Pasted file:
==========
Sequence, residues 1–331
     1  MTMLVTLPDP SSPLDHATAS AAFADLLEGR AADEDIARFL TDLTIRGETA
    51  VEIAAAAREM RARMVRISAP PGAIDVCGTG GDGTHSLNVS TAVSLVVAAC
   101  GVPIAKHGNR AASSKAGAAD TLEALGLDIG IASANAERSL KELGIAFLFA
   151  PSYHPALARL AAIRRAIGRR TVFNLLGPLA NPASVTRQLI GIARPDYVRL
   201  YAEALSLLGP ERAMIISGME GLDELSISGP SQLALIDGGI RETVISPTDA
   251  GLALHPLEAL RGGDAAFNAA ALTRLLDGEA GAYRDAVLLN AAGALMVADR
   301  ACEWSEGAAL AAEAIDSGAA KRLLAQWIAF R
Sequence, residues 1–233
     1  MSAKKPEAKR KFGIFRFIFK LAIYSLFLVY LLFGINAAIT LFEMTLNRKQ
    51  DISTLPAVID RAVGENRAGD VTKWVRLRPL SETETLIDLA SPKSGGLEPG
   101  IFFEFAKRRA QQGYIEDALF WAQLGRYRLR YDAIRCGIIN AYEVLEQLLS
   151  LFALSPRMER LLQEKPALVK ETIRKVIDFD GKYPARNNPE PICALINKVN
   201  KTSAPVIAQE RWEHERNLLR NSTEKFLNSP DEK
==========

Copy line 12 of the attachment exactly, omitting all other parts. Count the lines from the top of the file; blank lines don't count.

   101  IFFEFAKRRA QQGYIEDALF WAQLGRYRLR YDAIRCGIIN AYEVLEQLLS